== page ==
8 Essential Tips For Safe And Secure Bike Parking

Reliance Foundry presents ten steps to ensuring your bike remains safe while you’re at work.

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Two bikes locked outside a business in New York

Park your bike in a well-lit, public area

Bikes are big investments for cyclists. Ensuring proper security when leaving them unattended is an absolute must. Theft can be an issue in even the safest communities, as would-be thieves are savvy to the most lucrative opportunities and don't discriminate between neighborhoods. They're looking for a quick score, and any means you take to deter theft can mean the difference between two wheels and none.

Here are eight essential tips that will help ensure you find your bike just the way you left it.

1. Lock your bike

Always lock your bike when leaving it unattended. Locking your bike is the fundamental means to deterring theft. Even if you're stepping away "just for a moment," remember that an unattended bike also makes for the perfect getaway vehicle.

2. Find a secure location

Park your bike in designated parking areas. Parking areas should have secure bike racks, embedded or flush-mounted to solid concrete, or bike lockers and should be located in well-lit, high-traffic areas—ideally near building entrances with video surveillance.

3. Avoid non-designated bike-parking locations

Road signs, trees, scaffolding, fences and railings often present attractive parking for cyclists but are often less secure and risk obstructing pedestrian or road traffic.

Mountain bike locked to a U-rack

Use a U-lock to secure both tires and frame

  • Road signs can often be easily removed by unfastening a bolt and lifting it from its collar. Posts missing their signs mean a bike can be removed by lifting overtop. Some signs, such as bus stops, mark high-traffic areas where stationary bikes are likely unwelcome.
  • Trees can damage easily, and in some communities, locking your bike to a tree is illegal and can be fined up to $1,000.
  • Scaffolding and fences are rarely secure. Scaffolding is designed to be disassembled quickly. Chain-link fences can easily be snipped through, and wooden fences can be sawn or smashed apart.
  • Railings typically demarcate pedestrian-designated areas. Wheelchair ramps should especially be avoided as cumbersome bikes can be difficult to manoeuvre around for those who require accessibility.

4. Buy the best lock available

Even the most expensive locks will be cheaper than buying a new bike. There are a range of options that make for secure bike parking and that offer convenient means to affixing to your bike while riding. U-locks (sometimes referred to as D-locks) or solid chains made from hardened steel offer effective and affordable security. Don't buy a larger lock than you need, as any extra space can offer mechanical advantage when trying to remove. Always buy new locks, as there's no guarantee that a used lock hasn't been compromised.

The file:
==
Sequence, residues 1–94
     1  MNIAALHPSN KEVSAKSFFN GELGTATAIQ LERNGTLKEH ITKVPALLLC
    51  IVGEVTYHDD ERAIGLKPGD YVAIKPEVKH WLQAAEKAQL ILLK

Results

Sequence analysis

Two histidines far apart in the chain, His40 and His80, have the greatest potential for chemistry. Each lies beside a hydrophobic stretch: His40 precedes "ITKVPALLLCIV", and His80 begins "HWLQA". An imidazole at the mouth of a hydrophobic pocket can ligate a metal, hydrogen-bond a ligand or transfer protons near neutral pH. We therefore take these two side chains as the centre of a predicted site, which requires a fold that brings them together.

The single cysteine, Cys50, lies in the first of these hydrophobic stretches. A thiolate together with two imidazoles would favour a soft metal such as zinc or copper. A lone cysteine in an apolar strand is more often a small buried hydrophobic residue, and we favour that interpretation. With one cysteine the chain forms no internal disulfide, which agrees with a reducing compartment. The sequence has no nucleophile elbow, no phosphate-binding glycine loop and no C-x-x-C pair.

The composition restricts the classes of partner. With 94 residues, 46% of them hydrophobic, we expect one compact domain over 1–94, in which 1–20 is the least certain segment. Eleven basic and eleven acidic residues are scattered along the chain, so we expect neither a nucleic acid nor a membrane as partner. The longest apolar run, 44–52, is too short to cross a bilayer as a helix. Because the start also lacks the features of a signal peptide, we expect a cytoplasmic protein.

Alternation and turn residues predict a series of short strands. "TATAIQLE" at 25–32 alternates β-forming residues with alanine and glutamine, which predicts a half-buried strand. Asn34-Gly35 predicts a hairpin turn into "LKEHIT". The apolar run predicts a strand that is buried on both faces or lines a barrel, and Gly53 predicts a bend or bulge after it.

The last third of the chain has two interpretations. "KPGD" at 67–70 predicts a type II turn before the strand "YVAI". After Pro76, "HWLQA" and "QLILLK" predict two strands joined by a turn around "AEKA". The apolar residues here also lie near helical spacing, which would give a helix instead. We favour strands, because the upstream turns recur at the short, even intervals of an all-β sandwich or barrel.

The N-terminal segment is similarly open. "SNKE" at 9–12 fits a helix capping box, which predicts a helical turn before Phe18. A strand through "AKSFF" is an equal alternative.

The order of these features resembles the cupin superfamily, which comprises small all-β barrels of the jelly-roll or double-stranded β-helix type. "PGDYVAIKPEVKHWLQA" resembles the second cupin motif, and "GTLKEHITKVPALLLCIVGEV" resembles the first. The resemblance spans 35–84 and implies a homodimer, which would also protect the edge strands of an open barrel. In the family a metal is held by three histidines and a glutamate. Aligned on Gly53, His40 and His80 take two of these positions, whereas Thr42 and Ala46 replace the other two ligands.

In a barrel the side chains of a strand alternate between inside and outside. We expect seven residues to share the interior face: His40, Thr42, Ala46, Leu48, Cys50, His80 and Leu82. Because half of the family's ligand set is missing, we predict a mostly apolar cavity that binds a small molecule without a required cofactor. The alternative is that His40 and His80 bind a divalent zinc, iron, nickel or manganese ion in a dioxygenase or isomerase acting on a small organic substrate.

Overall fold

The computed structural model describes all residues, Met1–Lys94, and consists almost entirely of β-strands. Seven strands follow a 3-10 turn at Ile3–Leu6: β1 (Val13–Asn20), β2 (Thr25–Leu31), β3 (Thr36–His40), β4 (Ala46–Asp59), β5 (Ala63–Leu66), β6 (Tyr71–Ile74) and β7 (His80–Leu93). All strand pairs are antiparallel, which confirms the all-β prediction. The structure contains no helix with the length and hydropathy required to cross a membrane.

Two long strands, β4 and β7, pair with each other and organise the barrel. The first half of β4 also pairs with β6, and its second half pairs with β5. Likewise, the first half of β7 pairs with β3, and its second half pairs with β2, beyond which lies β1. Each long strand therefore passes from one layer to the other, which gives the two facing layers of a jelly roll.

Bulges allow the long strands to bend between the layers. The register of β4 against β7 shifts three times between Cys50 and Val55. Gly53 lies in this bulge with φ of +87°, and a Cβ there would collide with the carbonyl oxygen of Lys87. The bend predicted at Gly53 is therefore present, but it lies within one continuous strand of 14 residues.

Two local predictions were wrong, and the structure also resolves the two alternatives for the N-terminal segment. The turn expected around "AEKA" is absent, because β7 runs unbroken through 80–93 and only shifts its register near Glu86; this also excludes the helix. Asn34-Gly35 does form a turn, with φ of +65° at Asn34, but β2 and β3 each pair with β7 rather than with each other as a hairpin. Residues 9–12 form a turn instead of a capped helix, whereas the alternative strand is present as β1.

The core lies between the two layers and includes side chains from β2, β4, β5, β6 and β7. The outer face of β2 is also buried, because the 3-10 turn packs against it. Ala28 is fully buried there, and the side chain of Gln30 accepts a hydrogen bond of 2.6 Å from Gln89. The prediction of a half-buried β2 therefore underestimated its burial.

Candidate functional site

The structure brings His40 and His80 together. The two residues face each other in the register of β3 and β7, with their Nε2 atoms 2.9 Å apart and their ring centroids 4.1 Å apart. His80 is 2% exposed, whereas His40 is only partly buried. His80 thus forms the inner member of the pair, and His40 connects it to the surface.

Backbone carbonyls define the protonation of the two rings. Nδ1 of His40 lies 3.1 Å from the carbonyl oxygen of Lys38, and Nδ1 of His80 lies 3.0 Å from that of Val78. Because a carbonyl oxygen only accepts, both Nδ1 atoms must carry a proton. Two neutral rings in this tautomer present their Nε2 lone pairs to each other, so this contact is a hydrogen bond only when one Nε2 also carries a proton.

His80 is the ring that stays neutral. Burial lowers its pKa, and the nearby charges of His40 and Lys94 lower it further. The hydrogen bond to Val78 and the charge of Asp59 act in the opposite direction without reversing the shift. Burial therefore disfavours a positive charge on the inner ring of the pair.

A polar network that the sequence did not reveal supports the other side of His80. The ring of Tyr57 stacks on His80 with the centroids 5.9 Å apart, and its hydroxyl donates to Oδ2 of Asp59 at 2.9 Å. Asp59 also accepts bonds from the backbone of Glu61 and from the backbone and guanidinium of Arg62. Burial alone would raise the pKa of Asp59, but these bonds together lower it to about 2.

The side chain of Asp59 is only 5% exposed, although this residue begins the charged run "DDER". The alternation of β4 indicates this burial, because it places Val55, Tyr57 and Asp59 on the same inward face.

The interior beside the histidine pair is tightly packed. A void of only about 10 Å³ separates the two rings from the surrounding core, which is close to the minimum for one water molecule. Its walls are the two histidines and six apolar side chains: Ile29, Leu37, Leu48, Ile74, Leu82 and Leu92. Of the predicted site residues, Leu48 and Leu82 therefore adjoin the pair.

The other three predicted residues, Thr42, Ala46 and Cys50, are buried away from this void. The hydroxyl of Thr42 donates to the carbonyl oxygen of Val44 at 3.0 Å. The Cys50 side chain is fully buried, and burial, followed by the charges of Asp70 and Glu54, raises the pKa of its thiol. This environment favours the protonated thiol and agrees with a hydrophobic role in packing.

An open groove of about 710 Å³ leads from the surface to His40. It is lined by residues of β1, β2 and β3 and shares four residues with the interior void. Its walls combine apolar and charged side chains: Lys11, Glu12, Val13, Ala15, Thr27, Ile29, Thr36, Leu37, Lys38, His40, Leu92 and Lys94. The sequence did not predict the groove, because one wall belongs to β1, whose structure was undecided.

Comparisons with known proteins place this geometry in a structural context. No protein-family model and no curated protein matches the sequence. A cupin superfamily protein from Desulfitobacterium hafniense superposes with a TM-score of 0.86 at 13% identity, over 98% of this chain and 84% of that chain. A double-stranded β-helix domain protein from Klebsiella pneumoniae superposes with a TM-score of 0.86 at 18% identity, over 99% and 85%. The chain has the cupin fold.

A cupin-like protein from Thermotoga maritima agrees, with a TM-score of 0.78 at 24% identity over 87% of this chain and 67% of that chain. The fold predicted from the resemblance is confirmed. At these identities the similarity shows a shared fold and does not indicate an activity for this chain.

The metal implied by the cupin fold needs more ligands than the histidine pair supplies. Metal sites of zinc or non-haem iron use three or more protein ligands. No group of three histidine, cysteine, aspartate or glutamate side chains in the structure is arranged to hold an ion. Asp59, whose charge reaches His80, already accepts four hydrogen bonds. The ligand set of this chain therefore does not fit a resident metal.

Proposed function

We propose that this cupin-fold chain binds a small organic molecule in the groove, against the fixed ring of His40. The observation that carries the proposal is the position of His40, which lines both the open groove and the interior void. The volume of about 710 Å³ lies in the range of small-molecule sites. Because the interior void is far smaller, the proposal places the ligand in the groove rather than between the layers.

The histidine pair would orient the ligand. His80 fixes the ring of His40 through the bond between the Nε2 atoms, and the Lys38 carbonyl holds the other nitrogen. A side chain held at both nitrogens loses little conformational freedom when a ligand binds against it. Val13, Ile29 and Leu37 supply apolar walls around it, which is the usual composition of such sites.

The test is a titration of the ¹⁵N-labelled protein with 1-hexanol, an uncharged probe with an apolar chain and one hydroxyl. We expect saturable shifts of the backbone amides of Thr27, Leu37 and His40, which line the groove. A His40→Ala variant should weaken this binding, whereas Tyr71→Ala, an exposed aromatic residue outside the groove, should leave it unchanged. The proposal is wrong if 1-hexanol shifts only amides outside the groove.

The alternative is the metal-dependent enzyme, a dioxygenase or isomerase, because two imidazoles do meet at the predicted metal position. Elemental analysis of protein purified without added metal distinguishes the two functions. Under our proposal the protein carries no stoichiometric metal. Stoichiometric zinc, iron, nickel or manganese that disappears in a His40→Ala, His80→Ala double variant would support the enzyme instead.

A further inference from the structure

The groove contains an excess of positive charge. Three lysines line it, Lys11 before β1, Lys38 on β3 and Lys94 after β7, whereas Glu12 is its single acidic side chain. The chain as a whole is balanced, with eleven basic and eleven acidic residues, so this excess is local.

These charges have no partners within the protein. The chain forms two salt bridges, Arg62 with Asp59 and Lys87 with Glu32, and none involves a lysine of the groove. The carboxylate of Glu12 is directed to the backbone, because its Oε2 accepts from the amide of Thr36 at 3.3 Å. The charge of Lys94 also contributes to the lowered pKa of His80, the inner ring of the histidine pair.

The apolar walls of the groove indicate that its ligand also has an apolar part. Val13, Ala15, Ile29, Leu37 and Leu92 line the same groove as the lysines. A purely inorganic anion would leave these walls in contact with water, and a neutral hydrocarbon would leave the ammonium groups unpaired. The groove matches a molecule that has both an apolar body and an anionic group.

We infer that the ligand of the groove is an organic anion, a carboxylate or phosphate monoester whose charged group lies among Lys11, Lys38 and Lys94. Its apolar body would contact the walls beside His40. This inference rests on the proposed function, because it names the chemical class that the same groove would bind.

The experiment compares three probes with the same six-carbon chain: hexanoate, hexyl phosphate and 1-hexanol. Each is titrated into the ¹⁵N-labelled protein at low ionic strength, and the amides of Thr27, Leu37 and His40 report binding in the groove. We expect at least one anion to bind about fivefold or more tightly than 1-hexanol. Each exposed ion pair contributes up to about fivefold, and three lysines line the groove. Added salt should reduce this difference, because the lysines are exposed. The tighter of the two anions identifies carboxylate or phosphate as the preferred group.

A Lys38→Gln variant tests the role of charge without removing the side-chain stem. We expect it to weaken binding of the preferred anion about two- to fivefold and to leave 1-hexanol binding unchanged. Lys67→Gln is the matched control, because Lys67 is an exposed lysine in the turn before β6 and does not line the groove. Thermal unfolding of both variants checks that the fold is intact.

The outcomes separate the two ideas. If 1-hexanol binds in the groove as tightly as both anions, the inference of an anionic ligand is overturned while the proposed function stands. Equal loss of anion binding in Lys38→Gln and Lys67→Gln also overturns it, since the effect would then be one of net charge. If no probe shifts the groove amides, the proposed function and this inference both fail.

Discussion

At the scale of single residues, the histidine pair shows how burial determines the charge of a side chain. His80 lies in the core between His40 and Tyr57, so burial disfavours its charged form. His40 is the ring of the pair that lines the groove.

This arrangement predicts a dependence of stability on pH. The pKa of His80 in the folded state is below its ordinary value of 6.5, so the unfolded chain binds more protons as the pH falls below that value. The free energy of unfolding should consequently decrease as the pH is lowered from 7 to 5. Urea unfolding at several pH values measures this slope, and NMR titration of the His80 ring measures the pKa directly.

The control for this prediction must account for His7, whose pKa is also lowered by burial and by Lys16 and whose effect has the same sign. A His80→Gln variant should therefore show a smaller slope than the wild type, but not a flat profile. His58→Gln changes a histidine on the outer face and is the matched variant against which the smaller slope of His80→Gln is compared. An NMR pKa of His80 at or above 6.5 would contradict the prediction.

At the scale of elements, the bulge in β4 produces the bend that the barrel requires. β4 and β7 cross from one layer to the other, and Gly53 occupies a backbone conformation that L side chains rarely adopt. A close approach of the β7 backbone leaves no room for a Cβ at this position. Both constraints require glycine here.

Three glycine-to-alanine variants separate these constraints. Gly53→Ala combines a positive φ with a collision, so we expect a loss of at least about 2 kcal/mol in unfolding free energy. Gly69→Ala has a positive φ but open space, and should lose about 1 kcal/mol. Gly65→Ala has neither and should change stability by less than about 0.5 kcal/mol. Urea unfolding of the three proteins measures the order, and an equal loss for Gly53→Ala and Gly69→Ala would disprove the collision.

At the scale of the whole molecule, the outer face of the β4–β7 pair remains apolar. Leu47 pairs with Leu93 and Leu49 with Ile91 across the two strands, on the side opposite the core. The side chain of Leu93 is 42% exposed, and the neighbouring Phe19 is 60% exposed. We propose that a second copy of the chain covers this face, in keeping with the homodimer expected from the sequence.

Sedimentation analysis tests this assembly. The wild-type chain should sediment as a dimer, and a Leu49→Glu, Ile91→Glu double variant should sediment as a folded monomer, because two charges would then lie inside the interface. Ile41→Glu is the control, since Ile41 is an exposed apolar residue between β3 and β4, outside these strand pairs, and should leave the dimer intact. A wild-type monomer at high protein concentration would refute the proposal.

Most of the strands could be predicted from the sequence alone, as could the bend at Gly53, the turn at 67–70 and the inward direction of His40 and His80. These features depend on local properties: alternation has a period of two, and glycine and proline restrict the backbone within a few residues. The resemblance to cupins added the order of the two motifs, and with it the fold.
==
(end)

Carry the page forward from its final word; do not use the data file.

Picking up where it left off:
5. Secure all essential points

Be sure to secure the frame and both wheels—especially if wheels can easily be released. Either remove the front tire, locking it to the frame and rear tire or consider a second lock. If using a second lock, find one with a different locking mechanism, as this will require a multiple sets of tools to remove.

U-rack embedded in concrete

Use bike racks that are properly secured

6. Remove all unsecured components or park in a fully enclosed space

Remove all lights, paniers, water bottles and quick-release seats or tires. Anything that isn't fastened can be quickly and easily removed and sold. Alternatively, some businesses and public spaces offer fully-enclosed bike lockers that will ensure these items aren't stolen.

7. Register and personalize your bike

Register your bike with a national security registry. Some local law-enforcement agencies offer bike registry services. In general, it's always important to be able to prove ownership of your bike. Make sure to keep a copy of the serial number in your phone, or find ways to personalize your bike with easily-distinguishable features.

8. Request adequate parking

If you frequent a location that doesn't offer adequate bike parking, consider making a request to the business or property manager. This can be done in-person, over the phone or in writing. If you have friends or co-workers who could also benefit from designated parking areas, a combined request can show more demand and have more impact.

Reliance Foundry Co. Ltd. delivers the highest-quality stock and custom-designed products for architectural site furnishings, traffic management and industrial applications. Since 1925, Reliance Foundry has built upon a long tradition of metal casting expertise to become an award-winning supplier for high-profile and everyday needs across North America.




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Vice President of Sales & Marketing, Reliance Foundry Co. Ltd.

Brad Done

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Technical Marketing Writer, Reliance Foundry Co. Ltd.

Shawn Chessell

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Technical Marketing Writer, Reliance Foundry Co. Ltd.

Bryce Tarling